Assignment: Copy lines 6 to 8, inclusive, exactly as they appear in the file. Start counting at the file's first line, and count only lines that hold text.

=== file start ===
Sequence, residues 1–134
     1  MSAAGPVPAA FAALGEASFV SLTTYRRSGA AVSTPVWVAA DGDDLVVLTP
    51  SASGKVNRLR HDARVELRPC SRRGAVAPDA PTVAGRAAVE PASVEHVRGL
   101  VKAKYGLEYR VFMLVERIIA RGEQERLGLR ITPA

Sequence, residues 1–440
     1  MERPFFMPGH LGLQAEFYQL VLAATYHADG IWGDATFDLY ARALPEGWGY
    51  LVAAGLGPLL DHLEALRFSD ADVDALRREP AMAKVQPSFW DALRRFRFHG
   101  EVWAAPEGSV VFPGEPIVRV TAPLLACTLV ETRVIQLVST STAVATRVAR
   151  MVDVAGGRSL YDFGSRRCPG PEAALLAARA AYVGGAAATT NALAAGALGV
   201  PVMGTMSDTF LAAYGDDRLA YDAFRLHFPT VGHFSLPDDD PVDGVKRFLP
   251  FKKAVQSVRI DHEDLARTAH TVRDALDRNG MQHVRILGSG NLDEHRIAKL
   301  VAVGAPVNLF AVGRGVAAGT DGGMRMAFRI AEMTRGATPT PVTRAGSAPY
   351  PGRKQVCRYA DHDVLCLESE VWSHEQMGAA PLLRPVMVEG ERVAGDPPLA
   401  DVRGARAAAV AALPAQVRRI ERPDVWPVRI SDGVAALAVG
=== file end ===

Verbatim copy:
     1  MERPFFMPGH LGLQAEFYQL VLAATYHADG IWGDATFDLY ARALPEGWGY
    51  LVAAGLGPLL DHLEALRFSD ADVDALRREP AMAKVQPSFW DALRRFRFHG
   101  EVWAAPEGSV VFPGEPIVRV TAPLLACTLV ETRVIQLVST STAVATRVAR